Some Encryption Protocols Hard-to-Crack, Leaked NSA Documents Show

By Robert Lemos  |  Posted 2015-01-02 Print this article Print
encryption protocols

The NSA has allegedly had trouble cracking the TOR onion routing protocol and ZRTP used to encrypt communications by VOIP service providers.

While many encryption protocols have been broken—or worked around—by the National Security Agency and other intelligence organizations, Internet users hoping to keep their information and communications private should not be entirely disheartened, according to a presentation Dec. 29 at the Chaos Communications Congress hacking convention.

Based on the information from the archive of leaked Snowden documents, the presentation identified the communications technologies, such as Skype, that the NSA routinely monitors and from which it collects data. Yet other technologies—such as the onion routing protocol used by the TOR network and the Zimmerman Real-Time Protocol (ZRTP) used to encrypt communications by voice over IP service providers, such as Silent Circle—have hobbled the agency's data collection plans, according to documents allegedly leaked by former NSA contractor Edward Snowden and cited by the two presenters, privacy activist Jacob Appelbaum and documentarian Laura Poitras.

"There have … been some victories for privacy, with certain encryption systems proving to be so robust they have been tried and true standards for more than 20 years," they stated in an article published in Der Spiegel with other co-authors and based on the same research.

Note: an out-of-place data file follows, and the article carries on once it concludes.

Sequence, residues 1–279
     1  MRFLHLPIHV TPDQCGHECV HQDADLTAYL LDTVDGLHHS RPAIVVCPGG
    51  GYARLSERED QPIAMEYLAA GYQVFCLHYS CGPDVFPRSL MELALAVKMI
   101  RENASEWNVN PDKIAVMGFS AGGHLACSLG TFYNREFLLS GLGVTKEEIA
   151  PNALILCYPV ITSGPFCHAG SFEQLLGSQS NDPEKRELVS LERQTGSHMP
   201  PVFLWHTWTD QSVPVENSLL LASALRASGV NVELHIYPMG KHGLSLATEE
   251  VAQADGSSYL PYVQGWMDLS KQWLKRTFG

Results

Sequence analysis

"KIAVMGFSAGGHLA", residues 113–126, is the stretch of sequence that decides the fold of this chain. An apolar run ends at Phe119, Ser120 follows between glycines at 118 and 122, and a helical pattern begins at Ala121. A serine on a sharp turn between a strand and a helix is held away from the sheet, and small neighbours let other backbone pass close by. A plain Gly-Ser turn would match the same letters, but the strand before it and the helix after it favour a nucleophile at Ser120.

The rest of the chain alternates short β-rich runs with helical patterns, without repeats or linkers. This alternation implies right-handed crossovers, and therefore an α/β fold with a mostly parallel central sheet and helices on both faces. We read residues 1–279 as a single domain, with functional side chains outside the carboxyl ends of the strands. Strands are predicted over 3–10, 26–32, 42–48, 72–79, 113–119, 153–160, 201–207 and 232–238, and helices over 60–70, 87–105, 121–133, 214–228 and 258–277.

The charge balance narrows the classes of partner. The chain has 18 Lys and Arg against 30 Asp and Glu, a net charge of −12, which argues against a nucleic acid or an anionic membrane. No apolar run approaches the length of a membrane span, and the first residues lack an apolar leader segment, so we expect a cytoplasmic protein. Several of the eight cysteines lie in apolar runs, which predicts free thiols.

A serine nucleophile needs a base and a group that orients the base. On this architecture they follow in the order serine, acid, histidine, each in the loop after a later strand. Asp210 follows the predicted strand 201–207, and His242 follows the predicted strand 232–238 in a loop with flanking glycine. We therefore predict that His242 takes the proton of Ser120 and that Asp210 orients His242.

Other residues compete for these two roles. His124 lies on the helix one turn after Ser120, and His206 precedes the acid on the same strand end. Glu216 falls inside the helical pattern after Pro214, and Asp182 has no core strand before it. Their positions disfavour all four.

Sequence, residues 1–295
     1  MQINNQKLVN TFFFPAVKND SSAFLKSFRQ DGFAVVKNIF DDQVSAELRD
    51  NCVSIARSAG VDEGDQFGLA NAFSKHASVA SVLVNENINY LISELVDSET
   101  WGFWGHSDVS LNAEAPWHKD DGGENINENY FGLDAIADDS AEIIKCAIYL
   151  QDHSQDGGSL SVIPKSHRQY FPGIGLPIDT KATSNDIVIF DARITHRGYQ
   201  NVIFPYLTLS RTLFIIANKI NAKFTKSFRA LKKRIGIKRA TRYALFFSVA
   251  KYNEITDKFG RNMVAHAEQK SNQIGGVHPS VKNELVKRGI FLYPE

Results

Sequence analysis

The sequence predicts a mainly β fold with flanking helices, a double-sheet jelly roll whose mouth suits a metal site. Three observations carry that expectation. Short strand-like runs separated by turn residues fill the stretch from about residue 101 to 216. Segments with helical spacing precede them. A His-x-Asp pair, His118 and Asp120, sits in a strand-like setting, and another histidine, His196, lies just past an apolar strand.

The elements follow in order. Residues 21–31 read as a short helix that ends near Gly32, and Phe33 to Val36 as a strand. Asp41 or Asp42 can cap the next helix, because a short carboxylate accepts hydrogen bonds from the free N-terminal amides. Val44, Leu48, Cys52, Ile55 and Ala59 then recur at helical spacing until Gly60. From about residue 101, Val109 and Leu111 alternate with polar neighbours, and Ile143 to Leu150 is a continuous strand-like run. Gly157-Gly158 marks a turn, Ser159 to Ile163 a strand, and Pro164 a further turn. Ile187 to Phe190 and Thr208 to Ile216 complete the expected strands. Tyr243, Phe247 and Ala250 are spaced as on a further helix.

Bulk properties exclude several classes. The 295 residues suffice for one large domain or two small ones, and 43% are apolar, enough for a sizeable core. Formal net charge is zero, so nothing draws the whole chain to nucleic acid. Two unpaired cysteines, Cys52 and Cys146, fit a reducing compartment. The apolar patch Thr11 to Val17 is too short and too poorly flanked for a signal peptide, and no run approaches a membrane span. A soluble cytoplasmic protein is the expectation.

A variety of technologies that security professionals thought were secure have actually been either broken by the NSA or pose only minor hurdles for the company. By attacking the routers used to create VPNs based on the IP Security (IPSEC) protocol, the NSA is able to tap into VPN connections, the presenters and their co-authors stated in the Der Spiegel article. In addition, the agency has little problem accessing communications that are encrypted using the secure HTTP (HTTPS) protocol, the basis for much of the purportedly secure communications on the Web, according to Snowden documents cited in the article.

"The NSA and its allies routinely intercept such connections—by the millions," the Der Spiegel article stated. "According to an NSA document, the agency intended to crack 10 million intercepted https connections a day by late 2012."

The documents date back to 2012 but are thought to be an accurate representation of the NSA's current capabilities.

Many people do not use encryption because "they think the intelligence agency experts are already so many steps ahead of them that they can crack any encryption program," according to the Der Spiegel article. "This isn't true. As one document from the Snowden archive shows, the NSA had been unsuccessful in attempts to decrypt several communications protocols, at least as of 2012."


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